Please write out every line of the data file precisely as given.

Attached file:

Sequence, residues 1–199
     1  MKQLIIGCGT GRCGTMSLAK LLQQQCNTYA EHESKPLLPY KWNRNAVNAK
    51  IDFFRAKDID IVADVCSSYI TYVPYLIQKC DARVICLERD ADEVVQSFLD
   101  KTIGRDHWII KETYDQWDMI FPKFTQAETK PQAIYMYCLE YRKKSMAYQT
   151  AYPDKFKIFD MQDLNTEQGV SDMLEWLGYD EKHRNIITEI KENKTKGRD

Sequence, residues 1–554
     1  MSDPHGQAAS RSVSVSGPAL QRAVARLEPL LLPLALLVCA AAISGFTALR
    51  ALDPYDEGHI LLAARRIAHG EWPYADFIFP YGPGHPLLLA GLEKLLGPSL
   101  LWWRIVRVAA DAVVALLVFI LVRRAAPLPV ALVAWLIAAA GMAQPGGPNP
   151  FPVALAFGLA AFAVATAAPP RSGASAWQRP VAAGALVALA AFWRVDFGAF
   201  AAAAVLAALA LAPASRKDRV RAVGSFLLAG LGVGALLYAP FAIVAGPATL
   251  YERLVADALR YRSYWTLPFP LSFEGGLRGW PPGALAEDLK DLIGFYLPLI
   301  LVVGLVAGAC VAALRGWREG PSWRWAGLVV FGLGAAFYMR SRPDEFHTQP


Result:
Sequence, residues 1–199
     1  MKQLIIGCGT GRCGTMSLAK LLQQQCNTYA EHESKPLLPY KWNRNAVNAK
    51  IDFFRAKDID IVADVCSSYI TYVPYLIQKC DARVICLERD ADEVVQSFLD
   101  KTIGRDHWII KETYDQWDMI FPKFTQAETK PQAIYMYCLE YRKKSMAYQT
   151  AYPDKFKIFD MQDLNTEQGV SDMLEWLGYD EKHRNIITEI KENKTKGRD

Sequence, residues 1–554
     1  MSDPHGQAAS RSVSVSGPAL QRAVARLEPL LLPLALLVCA AAISGFTALR
    51  ALDPYDEGHI LLAARRIAHG EWPYADFIFP YGPGHPLLLA GLEKLLGPSL
   101  LWWRIVRVAA DAVVALLVFI LVRRAAPLPV ALVAWLIAAA GMAQPGGPNP
   151  FPVALAFGLA AFAVATAAPP RSGASAWQRP VAAGALVALA AFWRVDFGAF
   201  AAAAVLAALA LAPASRKDRV RAVGSFLLAG LGVGALLYAP FAIVAGPATL
   251  YERLVADALR YRSYWTLPFP LSFEGGLRGW PPGALAEDLK DLIGFYLPLI
   301  LVVGLVAGAC VAALRGWREG PSWRWAGLVV FGLGAAFYMR SRPDEFHTQP